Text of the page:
Florida Atlantic U. Drug-Related Deaths Are Occasion For Reflection
BOCA RATON, Fla. – The drug-related deaths of a Florida Atlantic University (FAU) student and her friend have provoked new awareness of and concerns about drug use on college campuses. Nicole Phillips, 18, and her friend Richard Cardinale, 19, died of drug overdose on Nov. 26, the first such case at FAU in four years.
Although overall drug use is down on college campuses, cocaine and prescription drug use are up, according to researchers.
Addiction researcher Dr. Mark S. Gold of the University of Florida found that many Florida schools, such as the Florida State University, FAU and Gold’s own institution, have seen a rise in cocaine use.
Jim Hall, a researcher at Nova Southeastern University in Davie, said college students are using more and more prescription drugs. A study conducted by Hall revealed that tranquilizers such as Xanax, painkillers such as Oxycontin and Percocet and stimulants such as Ritalin have become popular among college-age students. They are easy to acquire, said Hall, as they can often be found in family medicine cabinets or bought on the street.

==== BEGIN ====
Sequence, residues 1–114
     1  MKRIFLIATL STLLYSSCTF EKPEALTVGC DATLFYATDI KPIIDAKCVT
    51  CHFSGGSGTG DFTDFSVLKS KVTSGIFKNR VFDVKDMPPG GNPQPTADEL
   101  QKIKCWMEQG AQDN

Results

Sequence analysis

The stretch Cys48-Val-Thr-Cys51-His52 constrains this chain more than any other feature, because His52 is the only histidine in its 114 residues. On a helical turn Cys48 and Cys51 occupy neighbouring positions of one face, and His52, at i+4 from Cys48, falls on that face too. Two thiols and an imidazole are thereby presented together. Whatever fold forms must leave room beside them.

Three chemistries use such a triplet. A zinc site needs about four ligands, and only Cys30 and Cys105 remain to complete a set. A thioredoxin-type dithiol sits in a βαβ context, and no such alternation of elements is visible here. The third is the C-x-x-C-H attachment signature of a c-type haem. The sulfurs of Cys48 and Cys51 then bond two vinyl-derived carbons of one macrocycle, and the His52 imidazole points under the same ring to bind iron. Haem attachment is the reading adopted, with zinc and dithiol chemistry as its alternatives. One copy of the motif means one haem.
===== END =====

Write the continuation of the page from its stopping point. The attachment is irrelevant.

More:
Students use stimulants to help them study for exams and other drugs to relieve the stress of their academic workload, Hall said.
FAU campus police are waiting on the results of a toxicology report before releasing the name of the drug that killed the two teenagers, but a FAU student who lived with Cardinale said Cardinale and Phillips claimed they were using a combination of Xanax, powdered morphine and alcohol.
FAU drug-related incidents have increased steadily since 2003, and university officials attribute such an increase to a younger student body. In recent years, the university has stepped up its efforts to attract and retain students straight out of high school, which may lead to more campus indiscretions.
Vice President for Student Affairs Charles Brown believes the university’s drug prevention program is effective but that the recent deaths will likely lead school officials to intensify their efforts at keeping the campus drug-free.
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